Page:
"why didn't anyone wearing a hakama ever explain it so clearly as these guys wearing sweats and tee-shirts?"
it is in there, but I think we as a community have done a very poor job of codifying and communicating it.
I won't answer for John, whom I know. But I think it is because early on we accepted nomenclature for our physical comprehension as a substitute for intellectual comprehension. Ki, Aiki, Kokyu, Musubi Takemusu, all are valid objective concepts, but initially, it is hard to get over the change in manner of moving so that more commonplace concepts like "push" "pull" "stand" and "move" are hard to segregate from the manner of prior experience without a different category of naming. I mean this of any serious fighting art.
One of the first things that I realized when I began to break the nomenclature down (not to destroy it but to reshape in my native terms) and teach for new guys is the change that must occur under threat if one is to fight well. It is quite simply demonstrated -- fight or flight -- for flight the body tenses, the Cg rises and one is prepared to dart away. To FIGHT on the other hand, the body must relax the undercarriage compressing it slightly, and all the body's frame has to pull relaxedly into itself, gathering into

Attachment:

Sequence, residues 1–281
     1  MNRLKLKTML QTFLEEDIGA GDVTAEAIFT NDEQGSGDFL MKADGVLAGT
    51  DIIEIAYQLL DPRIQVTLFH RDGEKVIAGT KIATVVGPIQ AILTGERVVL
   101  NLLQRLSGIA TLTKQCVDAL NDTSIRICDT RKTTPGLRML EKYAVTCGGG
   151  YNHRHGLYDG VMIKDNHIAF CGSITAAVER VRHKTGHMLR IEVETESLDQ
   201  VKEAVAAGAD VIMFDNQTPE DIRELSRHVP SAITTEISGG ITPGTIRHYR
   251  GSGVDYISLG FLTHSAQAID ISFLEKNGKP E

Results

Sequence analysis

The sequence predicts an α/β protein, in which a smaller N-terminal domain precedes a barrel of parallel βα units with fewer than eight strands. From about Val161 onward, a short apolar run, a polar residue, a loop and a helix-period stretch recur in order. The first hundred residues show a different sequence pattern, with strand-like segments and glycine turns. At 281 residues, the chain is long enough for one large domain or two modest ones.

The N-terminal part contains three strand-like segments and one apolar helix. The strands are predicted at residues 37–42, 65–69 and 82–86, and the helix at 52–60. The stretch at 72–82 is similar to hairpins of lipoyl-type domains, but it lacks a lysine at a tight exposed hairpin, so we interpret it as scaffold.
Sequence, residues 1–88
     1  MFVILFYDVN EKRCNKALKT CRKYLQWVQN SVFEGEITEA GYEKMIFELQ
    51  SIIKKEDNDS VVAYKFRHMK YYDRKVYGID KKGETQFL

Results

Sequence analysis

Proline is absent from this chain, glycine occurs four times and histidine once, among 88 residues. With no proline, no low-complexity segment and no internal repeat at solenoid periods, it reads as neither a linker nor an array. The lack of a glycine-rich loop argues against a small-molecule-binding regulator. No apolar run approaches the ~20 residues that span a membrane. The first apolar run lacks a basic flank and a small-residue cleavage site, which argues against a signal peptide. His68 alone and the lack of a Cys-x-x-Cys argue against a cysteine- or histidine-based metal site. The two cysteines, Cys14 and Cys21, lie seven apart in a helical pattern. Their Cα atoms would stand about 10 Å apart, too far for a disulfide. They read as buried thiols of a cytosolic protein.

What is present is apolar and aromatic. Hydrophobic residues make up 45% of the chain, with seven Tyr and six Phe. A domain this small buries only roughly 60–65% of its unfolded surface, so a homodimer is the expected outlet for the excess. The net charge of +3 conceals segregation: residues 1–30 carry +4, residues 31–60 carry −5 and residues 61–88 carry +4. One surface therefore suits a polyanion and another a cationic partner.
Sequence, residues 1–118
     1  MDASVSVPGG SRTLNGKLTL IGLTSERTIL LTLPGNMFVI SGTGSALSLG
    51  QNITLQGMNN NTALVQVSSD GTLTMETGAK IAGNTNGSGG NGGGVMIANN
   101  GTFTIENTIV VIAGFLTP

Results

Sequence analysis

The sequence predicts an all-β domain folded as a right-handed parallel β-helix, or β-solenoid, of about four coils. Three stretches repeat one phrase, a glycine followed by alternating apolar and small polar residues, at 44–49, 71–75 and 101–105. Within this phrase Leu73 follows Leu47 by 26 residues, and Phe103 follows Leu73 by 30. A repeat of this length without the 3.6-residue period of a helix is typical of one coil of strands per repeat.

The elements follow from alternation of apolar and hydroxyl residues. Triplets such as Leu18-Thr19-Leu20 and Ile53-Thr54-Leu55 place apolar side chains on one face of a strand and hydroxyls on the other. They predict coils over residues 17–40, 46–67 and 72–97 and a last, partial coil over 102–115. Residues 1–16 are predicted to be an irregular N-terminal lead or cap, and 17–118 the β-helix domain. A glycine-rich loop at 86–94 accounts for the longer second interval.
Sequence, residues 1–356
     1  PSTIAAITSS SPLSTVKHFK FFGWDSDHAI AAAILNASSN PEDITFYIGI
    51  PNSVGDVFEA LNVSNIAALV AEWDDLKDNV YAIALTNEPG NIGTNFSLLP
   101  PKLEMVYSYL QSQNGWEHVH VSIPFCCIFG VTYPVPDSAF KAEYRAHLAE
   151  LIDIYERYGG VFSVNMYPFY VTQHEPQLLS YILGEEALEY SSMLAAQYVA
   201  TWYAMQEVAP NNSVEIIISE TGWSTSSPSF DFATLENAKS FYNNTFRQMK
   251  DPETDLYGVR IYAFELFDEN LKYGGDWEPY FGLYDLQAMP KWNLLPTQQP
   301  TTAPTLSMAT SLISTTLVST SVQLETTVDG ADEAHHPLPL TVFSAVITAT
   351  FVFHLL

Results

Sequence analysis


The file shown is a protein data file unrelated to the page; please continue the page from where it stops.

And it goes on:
the threat within itself, as it were (first action of irimi?), and not away from it.
That's why I am so (annoyingly to many, no doubt) seriously exploring the physics of relaxed, linked structures and the biomechanics that go with it. It is helping to put some Western objective content into the nomenclature. The purpose is not to replace the traditional nomenclature - it captures concepts in a different ordering than we do, and is useful in its own right for that reason. The purpose is to relate it more clearly to our ordering of those essential principles.
The guys in sweats and tee-shirts are not burdened by the nomenclature -- but then, they do not take the benefit of it either. It is rich in its own right, and the baby should be held onto -- whatever one does with the bathwater.